Web Results
Content Results
  • Essiac

    serch.it?q=Essiac

    Essiac is an herbal tea promoted as an alternative treatment for cancer and other illnesses. There is no evidence it is beneficial to health, and it may be harmful.

  • History of abortion

    serch.it?q=History-of-abortion

    advertisements for abortion services, like these in The New York Sun in 1842, were common during the Victorian era. At the time, abortion was illegal in New York. The practice of abortion—the termination of a pregnancy—has been known since ancient times. Various methods have been used to perform or attempt an abortion, including the administration of abortifacient herbs, the use of sharpened implements, the application of abdominal pressure, and other techniques. Abortion laws and their enforcement have fluctuated through various eras. In many western countries during the 20th century abortion-rights movements were successful in having abortion bans repealed. While abortion remains legal in most of the West, this legality is regularly challenged by "Pro-Life" groups.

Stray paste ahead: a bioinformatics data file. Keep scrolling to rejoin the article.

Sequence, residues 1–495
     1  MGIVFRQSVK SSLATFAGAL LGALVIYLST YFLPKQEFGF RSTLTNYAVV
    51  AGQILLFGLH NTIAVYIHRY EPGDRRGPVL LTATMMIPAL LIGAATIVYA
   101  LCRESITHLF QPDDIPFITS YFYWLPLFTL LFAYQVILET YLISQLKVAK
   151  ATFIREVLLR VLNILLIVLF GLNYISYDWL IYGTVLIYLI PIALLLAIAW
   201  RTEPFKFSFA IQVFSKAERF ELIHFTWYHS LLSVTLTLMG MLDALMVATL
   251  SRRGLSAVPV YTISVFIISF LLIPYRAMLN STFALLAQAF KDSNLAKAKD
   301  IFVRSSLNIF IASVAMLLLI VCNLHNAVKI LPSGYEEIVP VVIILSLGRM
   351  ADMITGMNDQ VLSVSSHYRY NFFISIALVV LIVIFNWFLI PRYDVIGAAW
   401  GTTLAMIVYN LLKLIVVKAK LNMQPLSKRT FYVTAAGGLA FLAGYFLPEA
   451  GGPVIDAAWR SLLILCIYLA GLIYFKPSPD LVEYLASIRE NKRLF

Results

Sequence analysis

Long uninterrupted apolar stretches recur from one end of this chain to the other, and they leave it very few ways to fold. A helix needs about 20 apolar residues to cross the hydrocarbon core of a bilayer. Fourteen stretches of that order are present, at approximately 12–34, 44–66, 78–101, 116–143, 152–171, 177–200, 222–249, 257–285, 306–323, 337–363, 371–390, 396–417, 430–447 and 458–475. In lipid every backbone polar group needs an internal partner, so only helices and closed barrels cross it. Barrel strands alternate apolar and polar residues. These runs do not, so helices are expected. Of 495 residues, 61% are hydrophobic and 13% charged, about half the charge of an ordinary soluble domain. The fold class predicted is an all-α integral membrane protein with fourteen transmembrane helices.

• Ulmus rubra

    serch.it?q=Ulmus-rubra

    Ulmus rubra, the slippery elm, is a species of elm native to eastern North America, ranging from southeast North Dakota, east to Maine and southern Quebec, south to northernmost Florida, and west to eastern Texas, where it thrives in moist uplands, although it will also grow in dry, intermediate soils. Other common names include red elm, gray elm, soft elm, moose elm, and Indian elm. The tree was first named as part of Ulmus americana in 1753, but identified as a separate species, Ulmus rubra, in 1793 by Pennsylvania botanist Gotthilf Muhlenberg. The slightly later name U. fulva, published by French botanist André Michaux in 1803, is still widely used in dietary-supplement and alternative-medicine information. The species superficially resembles American elm (U. americana), but is more closely related to the European wych elm (U. glabra), which has a very similar flower structure, though lacks the pubescence over the seed. U. rubra was introduced to Europe in 1830.

Map Box 1